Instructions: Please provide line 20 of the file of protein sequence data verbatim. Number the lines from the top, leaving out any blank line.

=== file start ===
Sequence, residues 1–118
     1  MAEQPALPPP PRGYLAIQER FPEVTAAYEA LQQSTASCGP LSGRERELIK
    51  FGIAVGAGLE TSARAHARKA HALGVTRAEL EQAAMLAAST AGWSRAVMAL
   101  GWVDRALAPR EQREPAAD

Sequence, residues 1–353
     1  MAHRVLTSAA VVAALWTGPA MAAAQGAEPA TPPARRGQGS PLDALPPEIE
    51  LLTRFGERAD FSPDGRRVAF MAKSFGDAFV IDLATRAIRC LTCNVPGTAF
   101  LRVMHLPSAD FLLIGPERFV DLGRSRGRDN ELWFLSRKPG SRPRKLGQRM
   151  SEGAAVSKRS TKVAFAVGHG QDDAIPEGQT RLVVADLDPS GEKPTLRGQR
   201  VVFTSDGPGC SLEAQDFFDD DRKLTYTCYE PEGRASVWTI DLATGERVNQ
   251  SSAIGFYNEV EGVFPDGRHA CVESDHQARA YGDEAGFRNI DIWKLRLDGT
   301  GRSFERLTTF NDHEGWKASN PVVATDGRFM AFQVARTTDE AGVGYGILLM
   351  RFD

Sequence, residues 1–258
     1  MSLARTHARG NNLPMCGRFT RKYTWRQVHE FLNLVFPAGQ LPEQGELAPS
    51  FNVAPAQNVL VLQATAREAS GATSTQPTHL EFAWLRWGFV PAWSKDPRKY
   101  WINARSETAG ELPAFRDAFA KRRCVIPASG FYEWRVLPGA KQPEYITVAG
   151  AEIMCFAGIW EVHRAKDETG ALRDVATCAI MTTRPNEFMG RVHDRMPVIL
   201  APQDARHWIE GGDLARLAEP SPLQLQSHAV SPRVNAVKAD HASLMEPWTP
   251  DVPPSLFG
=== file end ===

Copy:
   251  DVPPSLFG